Comments made from Prime Minister David Cameron regarding private rent prices have been slammed by the shadow housing minister.
Cameron Misleading over Rents
During a recent Prime Minister’s Questions, Mr Cameron responded to a question on rental prices from Dame Joan Ruddock MP, Labour’s representative for Lewisham Deptford. Cameron responded by saying: “As I understand it, all parties are committed to reform housing benefit. That was Labour’s commitment before the election.
“The housing benefit bill is completely out of control. Labour’s own welfare spokesman said last week that, at £20 billion, it was unacceptable and had to change. What we have seen so far, as housing benefit has been reformed and reduced, is that rent levels have come down, so we have stopped ripping off the taxpayer.”
Unsurprisingly, the Prime Minister’s comments did not sit well with shadow housing minister Jack Dromney, who retorted: “What planet does David Cameron live on?”
Dromney went on to say: “There is no evidence that rents are falling. On the contrary, every survey including that conducted by Shelter demonstrates that private rents continue to soar. We will be asking No. 10 to correct the statement made by the Prime Minister to the House of Commons which is clearly wrong.”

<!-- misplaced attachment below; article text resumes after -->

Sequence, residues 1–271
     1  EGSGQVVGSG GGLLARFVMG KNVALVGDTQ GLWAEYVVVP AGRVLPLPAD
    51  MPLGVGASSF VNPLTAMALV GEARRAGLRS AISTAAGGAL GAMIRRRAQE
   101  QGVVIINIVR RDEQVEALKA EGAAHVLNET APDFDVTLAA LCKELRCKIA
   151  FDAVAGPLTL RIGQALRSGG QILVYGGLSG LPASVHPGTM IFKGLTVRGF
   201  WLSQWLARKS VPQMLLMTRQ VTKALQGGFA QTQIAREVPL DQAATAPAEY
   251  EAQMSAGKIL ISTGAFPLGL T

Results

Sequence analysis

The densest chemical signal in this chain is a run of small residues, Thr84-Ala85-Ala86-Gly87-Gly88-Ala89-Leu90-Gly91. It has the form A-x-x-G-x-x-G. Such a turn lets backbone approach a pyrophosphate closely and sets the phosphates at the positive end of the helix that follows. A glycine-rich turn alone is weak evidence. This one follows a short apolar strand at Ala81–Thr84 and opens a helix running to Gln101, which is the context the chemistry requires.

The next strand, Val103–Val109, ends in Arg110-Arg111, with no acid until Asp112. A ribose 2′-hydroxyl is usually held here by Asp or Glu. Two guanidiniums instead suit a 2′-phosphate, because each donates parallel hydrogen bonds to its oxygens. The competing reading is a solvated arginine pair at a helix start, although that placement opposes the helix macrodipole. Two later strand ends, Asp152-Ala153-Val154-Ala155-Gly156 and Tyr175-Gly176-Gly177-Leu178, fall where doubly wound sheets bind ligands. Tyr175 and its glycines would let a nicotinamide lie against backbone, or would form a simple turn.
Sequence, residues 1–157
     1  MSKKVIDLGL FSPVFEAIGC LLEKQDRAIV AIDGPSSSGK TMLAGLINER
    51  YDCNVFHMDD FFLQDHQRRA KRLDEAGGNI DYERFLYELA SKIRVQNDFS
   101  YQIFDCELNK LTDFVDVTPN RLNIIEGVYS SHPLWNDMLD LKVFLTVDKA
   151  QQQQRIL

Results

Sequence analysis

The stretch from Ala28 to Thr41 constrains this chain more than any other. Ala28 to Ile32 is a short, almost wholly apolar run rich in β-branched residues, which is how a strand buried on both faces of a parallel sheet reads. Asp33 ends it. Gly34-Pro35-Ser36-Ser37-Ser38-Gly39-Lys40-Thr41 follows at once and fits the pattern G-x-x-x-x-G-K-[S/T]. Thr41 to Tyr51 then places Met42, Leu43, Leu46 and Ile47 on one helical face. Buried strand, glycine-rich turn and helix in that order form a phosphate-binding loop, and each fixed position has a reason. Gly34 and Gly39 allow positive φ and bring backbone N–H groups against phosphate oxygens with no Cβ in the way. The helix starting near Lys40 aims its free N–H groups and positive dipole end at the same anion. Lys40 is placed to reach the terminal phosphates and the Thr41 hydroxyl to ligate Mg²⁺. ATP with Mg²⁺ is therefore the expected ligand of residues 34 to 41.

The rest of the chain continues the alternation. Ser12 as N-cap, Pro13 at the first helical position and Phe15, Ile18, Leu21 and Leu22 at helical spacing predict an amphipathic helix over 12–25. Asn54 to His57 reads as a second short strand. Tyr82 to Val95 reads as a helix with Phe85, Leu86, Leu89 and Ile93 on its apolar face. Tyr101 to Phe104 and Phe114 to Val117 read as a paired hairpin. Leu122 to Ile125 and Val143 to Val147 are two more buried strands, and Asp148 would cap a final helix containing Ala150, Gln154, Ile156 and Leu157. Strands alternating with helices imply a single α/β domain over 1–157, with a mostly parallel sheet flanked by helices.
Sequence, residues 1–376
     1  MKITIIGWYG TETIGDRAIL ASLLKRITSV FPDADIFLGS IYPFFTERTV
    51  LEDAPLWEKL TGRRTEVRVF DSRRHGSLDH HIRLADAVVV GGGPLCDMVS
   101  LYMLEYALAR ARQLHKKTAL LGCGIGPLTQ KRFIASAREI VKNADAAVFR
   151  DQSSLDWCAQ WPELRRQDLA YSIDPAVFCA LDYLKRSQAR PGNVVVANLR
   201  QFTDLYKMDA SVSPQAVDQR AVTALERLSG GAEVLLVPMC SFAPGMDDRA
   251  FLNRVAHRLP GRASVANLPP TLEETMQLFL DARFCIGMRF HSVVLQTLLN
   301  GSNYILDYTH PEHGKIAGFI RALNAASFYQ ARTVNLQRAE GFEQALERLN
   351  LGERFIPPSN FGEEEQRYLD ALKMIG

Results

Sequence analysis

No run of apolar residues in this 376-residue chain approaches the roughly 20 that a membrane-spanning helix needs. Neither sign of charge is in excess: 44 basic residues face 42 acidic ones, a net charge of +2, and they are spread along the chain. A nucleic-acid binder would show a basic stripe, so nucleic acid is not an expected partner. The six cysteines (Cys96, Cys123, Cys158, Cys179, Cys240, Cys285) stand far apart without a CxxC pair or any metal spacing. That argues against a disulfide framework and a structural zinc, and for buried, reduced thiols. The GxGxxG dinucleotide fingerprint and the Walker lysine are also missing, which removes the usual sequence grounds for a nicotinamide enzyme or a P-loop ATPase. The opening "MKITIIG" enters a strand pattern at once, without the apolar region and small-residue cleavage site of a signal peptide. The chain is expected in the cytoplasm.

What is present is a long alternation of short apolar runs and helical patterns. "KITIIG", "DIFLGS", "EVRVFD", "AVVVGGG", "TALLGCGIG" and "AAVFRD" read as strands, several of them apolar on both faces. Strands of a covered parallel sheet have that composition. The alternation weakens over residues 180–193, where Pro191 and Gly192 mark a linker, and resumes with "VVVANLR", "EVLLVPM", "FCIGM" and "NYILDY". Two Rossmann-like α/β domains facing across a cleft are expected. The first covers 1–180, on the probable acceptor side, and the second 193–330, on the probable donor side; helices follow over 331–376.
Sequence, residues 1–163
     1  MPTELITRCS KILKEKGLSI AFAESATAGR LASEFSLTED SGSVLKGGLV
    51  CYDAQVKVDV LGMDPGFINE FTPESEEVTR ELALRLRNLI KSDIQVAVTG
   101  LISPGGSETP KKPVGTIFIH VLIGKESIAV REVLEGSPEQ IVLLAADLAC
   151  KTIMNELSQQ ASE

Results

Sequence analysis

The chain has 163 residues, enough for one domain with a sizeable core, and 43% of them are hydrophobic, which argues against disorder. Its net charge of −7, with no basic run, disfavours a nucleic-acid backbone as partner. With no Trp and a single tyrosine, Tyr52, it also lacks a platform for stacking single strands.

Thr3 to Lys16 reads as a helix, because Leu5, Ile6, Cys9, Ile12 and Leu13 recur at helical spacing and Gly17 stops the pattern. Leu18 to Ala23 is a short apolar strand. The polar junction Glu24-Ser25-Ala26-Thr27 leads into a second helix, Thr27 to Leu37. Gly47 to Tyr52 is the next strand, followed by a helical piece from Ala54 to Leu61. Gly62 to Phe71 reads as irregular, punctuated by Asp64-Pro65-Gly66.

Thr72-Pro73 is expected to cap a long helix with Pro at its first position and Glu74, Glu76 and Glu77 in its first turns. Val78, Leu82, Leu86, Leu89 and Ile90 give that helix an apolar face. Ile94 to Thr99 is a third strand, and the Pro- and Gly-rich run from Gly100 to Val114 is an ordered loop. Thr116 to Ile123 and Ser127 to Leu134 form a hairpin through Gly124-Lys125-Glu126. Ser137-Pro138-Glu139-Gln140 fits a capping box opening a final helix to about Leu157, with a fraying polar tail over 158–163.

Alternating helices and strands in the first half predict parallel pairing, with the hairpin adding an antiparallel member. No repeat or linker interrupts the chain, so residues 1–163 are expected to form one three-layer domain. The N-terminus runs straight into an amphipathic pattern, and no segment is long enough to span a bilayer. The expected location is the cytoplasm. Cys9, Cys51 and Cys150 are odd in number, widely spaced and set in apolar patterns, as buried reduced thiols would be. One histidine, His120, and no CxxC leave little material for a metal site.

Mr Cameron’s comments also riled members of the social housing sector. Abi Davies, Assistant Director of Policy and Practice at the Chartered Institute of Housing, took to Twitter to state: “I’m wondering what data David Cameron is using to support his claim that rents have fallen due to housing benefit reform.”
Housing consultant Joe Halewood claimed: “The facts prove Cameron has misled Parliament with this statement.”
It is thought that Cameron based his statement on findings from LSL Property Services, whose rent index showed a fall in November. However, LSL Director, David Newnes, said: “Although rents fell on a monthly basis in November, it’s premature to suggest this is a consequence of policy changes.”
Newnes suggests that the main reason, ‘is likely to be the usual seasonal slowdown. Since 2008, November rents have risen only once-by just 0.1%-and have fallen every December. In all of the last four years, rents started rising again by the spring.’
The explanation for this, Newnes states, is, ‘in the run-up to New Year, landlords tend to be less aggressive with pricing as greater prices on tenant finances and time away from work or study means a higher risk of empty properties in this period.’ He says that, ‘we will only be able to measure the impact of the cuts for social tenants once they have had more time to feed through into the whole market.’